J. Carlee Purdum is a Research Assistant Professor for the Hazard Reduction and Recovery Center at Texas A&M University. Her work centers on how hazards and disasters impact incarcerated populations and correctional facilities, with an emphasis on the social vulnerability of incarcerated populations, emergency planning and policies in correctional settings. She is also working on projects with the HRRC examining civilian rescue organizations as well as long term recovery after both natural and technological disasters, including most recently, Hurricane Harvey. Other projects have examined public health on the gulf coast after the BP oil spill of 2010, social media in disasters, disaster risk perception, and hurricane evacuation behavior.
- Ph.D. in Sociology, Louisiana State University - (Baton Rouge, Louisiana, United States) 2019
- M.A. in Sociology, Louisiana State University - (Baton Rouge, Louisiana, United States) 2016
- B.A. in Psychology with Sociology minor, Baylor University - (Waco, Texas, United States) 2014
- Purdum, J. C., & Meyer, M. A. (2020). Prisoner Labor Throughout the Life Cycle of Disasters. Risk, Hazards & Crisis in Public Policy. 11(3), 296-319.
- Meyer, M. A., Purdum, J. C., Breen, K., Aggrey, J. K., Forrest, D., Nunez, C., & Peacock, W. G. (2019). Perspectives from nongovernmental organizations on education and training needs for community disaster recovery.. J Emerg Manag. 17(3), 225-238.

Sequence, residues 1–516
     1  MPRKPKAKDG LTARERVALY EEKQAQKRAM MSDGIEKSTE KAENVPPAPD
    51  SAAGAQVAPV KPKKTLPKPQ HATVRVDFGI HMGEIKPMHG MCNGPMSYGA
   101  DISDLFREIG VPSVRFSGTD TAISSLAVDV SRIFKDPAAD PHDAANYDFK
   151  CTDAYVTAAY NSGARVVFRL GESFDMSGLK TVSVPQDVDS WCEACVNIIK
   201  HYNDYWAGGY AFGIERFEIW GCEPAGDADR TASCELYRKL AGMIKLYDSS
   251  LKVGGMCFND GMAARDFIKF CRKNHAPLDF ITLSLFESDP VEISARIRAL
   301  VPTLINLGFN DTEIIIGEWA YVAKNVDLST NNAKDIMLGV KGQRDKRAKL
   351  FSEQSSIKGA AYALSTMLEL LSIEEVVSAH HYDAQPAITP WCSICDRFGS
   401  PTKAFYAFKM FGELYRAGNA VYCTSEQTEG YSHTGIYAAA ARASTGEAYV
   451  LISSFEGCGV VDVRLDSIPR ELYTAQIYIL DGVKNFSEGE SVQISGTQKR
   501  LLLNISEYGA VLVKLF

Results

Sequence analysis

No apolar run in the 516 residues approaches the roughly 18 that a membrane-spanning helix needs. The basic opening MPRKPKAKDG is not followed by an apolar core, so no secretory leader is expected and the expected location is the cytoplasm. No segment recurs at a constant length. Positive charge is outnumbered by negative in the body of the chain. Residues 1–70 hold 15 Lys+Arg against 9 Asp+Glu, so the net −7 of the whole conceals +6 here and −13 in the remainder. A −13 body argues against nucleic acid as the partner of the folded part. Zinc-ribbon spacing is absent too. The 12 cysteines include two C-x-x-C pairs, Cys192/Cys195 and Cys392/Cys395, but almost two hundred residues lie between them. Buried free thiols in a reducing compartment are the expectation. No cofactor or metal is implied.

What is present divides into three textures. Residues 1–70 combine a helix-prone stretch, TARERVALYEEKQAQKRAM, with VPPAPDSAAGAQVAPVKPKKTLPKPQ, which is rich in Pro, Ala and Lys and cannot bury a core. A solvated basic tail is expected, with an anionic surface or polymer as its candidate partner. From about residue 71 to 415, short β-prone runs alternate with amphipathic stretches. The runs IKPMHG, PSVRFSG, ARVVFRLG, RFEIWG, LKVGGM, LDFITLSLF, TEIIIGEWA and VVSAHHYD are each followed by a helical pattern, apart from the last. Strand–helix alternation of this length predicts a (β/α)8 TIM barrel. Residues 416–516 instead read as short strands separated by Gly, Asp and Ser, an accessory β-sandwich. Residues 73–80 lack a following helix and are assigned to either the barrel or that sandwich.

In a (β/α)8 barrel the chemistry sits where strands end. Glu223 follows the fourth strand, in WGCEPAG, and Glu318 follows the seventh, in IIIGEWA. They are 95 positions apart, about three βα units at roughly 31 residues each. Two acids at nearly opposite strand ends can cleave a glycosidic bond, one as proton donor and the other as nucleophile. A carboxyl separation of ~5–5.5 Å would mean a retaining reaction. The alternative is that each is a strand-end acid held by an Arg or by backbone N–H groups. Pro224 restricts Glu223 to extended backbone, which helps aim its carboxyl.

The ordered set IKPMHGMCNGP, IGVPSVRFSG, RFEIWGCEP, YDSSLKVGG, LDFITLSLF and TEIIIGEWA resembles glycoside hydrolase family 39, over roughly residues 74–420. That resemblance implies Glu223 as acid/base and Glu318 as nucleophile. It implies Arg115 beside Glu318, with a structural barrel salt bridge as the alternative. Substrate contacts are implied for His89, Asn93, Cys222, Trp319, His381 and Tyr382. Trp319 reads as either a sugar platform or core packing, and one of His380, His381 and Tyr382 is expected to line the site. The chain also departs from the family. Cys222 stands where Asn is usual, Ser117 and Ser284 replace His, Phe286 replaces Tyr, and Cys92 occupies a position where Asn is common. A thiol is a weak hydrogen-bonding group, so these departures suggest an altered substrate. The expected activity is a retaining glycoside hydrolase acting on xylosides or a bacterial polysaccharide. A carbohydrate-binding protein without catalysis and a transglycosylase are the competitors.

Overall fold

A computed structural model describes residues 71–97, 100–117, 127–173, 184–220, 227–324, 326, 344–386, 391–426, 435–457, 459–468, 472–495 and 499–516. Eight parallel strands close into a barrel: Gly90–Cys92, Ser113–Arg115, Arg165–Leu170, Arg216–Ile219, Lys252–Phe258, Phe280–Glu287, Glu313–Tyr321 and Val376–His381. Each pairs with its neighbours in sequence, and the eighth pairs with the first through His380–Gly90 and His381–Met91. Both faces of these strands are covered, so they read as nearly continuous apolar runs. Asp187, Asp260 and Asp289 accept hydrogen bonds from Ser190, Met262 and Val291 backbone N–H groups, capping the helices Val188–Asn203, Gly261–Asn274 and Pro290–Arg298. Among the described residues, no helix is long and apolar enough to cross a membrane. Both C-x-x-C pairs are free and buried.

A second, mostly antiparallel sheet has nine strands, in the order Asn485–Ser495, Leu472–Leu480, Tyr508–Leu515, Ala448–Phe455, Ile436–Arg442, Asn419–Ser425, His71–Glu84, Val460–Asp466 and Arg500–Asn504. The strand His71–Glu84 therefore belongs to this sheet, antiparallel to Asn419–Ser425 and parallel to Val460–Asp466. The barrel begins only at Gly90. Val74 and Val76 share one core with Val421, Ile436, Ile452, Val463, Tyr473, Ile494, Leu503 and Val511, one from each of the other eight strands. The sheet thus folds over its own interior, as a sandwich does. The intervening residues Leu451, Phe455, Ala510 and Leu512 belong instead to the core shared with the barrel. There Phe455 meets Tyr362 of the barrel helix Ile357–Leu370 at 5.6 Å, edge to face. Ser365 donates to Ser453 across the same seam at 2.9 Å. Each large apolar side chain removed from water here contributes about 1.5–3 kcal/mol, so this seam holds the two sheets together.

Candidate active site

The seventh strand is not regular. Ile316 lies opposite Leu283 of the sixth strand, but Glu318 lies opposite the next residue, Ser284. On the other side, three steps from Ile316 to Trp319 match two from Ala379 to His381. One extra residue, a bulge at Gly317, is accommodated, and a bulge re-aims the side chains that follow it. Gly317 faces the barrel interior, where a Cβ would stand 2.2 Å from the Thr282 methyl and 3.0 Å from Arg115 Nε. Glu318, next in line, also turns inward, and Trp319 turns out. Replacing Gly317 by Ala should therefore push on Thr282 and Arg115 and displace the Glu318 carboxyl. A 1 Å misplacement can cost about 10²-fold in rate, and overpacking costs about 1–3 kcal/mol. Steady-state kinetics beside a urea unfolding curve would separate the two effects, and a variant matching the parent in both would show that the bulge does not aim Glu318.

- Meyer, M. A., Mitchell, B., Purdum, J. C., Breen, K., & Iles, R. L. (2018). Previous hurricane evacuation decisions and future evacuation intentions among residents of southeast Louisiana. International Journal of Disaster Risk Reduction. 31, 1231-1244.
- Smith, J. (2022). Conditions in prisons during heat waves pose deadly threats to incarcerated people and prison staff. - An article submitted to The Conversation
- Purdum, J. C. (2020). Disaster work is often carried out by prisoners who get paid as little as 14 cents an hour despite dangers. - An article submitted to The Conversation
- Purdum, J. C. (2020). States are putting prisoners to work manufacturing coronavirus supplies. - An article submitted to The Conversation
- Smith, J. C. (2017). Inmates: Our Defenders in Disaster. XL(8), 10-13.